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Academic Health Sciences: Three Perspectives

recent front page article in The New York Times paints a striking image of Northeast Ohio’s economy. Manufacturing jobs, long the calling card of the region, saw a decrease of some 40% since 2000, while healthcare jobs have spiked 30% in the same period of time. This shift, though perhaps more pronounced in the Rust Belt, has taken hold all across the country. The implication is clear: the healthcare industry has become a major engine for our national economy, often filling in the gaps left by other industries.

This growth doesn’t stop at the hospital’s door—the increased economic importance of healthcare is transforming the educational landscape, too. The industry’s growth necessitates academic health science programs that can train a steady stream of practitioners—from doctors and nurses, to EMTs and hospice care providers. These programs will be critical in meeting current demand and projected shortages in the talent pool. One recent article in The Atlantic cites that 1.2 million openings for registered nurses alone will open up between now and 2022.

This growing demand is certainly not lost on schools. Leading schools in this space are instituting cutting-edge programs that blur the lines between research, clinical practice, and technology. Many schools are starting new, or expanding existing, nursing and med-tech allied health programs. Many programs are turning traditional teaching methods on their heads to better enable graduates to hit the ground running as they leave the classroom behind and step into the hospital ward setting. Whatever form they take, the proliferation of academic health science programs, and the opportunities awaiting their graduates, has impacted practically every corner of the country.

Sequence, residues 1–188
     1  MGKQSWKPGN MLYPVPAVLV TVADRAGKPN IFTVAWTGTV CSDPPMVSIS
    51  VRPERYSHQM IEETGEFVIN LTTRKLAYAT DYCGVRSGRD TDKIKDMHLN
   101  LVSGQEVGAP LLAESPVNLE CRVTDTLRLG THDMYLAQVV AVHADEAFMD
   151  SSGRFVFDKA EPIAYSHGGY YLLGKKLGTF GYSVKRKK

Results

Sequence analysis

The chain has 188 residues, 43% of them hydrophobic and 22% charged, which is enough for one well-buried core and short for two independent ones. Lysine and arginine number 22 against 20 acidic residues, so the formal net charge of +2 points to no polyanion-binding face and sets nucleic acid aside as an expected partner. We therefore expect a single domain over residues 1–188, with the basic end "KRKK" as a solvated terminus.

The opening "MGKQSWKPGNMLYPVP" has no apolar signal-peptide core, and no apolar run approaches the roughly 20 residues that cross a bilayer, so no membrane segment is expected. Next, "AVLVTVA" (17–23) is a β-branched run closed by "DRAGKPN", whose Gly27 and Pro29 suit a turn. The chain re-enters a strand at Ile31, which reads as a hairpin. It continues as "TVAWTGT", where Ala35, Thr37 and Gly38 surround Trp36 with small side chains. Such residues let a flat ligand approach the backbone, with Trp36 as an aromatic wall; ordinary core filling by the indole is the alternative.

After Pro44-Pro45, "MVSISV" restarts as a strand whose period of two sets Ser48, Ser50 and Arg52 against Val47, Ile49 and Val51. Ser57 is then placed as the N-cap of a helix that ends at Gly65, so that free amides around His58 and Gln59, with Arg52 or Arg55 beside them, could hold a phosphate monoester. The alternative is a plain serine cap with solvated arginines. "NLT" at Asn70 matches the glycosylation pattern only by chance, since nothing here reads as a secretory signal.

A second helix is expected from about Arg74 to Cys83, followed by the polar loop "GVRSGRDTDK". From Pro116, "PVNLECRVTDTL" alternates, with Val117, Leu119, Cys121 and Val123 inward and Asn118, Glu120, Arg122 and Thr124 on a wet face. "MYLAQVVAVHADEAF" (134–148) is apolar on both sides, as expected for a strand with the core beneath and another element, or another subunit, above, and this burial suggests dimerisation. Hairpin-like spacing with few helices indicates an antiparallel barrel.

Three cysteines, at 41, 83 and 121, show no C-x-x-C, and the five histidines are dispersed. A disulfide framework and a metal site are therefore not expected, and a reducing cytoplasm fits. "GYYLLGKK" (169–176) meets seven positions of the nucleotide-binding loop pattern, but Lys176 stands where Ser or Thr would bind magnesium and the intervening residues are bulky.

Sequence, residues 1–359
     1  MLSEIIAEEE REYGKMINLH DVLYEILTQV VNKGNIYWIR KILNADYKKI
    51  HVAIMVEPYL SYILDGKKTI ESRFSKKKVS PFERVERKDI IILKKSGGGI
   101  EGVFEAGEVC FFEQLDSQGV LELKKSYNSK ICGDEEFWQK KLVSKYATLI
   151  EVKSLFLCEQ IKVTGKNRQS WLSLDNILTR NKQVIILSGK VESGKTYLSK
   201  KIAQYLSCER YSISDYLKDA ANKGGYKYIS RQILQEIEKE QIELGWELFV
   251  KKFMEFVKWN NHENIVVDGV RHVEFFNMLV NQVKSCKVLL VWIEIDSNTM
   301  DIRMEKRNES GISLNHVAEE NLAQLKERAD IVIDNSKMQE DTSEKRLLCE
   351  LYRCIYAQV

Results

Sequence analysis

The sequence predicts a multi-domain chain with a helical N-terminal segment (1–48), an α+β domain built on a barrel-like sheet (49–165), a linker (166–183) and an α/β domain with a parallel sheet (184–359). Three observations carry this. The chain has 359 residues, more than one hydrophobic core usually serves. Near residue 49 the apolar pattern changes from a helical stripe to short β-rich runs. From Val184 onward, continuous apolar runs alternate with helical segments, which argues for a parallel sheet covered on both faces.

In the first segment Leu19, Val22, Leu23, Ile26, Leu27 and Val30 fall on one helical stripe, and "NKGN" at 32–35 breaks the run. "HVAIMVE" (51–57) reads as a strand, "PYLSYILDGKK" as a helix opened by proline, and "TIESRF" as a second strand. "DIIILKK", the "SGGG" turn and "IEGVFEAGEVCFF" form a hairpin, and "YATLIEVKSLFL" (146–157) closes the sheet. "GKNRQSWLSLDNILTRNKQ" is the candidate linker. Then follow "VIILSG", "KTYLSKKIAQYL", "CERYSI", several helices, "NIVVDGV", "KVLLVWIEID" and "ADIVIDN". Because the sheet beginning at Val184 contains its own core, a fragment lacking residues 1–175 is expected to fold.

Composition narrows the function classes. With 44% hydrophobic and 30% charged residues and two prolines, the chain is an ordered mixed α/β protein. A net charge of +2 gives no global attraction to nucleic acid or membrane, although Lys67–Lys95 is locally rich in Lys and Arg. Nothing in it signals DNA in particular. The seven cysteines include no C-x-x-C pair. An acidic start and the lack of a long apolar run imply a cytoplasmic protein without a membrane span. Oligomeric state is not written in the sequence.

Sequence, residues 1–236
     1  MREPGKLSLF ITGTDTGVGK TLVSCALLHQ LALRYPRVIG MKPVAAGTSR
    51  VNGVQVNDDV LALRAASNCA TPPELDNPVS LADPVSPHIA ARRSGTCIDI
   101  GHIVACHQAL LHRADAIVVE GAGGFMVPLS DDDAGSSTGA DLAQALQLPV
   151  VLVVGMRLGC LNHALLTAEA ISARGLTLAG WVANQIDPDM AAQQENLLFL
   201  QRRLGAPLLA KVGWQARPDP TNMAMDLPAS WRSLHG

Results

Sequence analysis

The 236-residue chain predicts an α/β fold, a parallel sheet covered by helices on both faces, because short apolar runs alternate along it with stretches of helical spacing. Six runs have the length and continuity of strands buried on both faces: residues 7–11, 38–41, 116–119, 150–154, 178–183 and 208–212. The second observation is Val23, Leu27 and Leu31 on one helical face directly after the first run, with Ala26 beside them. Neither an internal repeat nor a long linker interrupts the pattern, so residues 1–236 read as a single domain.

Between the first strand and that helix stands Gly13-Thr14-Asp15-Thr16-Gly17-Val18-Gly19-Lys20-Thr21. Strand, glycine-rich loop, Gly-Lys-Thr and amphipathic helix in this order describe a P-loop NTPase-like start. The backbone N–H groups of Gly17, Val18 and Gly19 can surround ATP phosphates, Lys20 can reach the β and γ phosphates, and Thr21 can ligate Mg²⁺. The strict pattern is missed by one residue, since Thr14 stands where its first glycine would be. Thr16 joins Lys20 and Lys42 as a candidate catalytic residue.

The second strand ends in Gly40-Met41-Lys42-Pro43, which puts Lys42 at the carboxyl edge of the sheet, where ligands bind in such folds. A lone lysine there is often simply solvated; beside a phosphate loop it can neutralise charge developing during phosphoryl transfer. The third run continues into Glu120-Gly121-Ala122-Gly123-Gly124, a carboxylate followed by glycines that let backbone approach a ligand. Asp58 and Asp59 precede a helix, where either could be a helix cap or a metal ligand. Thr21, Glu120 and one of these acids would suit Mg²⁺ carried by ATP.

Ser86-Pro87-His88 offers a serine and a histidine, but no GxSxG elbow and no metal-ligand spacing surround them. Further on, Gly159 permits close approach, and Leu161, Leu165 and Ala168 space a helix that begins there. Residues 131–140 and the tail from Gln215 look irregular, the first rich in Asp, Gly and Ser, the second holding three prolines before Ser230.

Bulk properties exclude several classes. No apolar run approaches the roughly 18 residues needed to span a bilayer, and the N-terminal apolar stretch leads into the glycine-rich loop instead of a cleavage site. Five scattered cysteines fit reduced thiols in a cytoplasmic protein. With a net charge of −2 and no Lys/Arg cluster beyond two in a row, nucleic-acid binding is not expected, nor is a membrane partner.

To fully capture the possibilities of expanding academic health sciences, institutions must consider many angles and multiple scales: from a region’s economic policies, to the history and organization of a campus, all the way down to an individual building and its mix of labs, classrooms, and informal space. There is no one-size-fits-all solution—a simple fact that liberates each institution to celebrate their unique identity and focus on their own strong suits. Below, three of our practitioners explore important factors to consider in defining the settings for hands-on medical education and training, through the lens of pedagogy, campus planning, and design.

From Clinics to Campus

By Jane Kleinman. Kleinman is Sasaki’s Director of Health Sciences and Experiential Learning. With over 25 years of experience in the medical and education field, Kleinman contributes an in-depth understanding of how to integrate efficient operations with visionary innovative program development at the intersection of pedagogy and space design.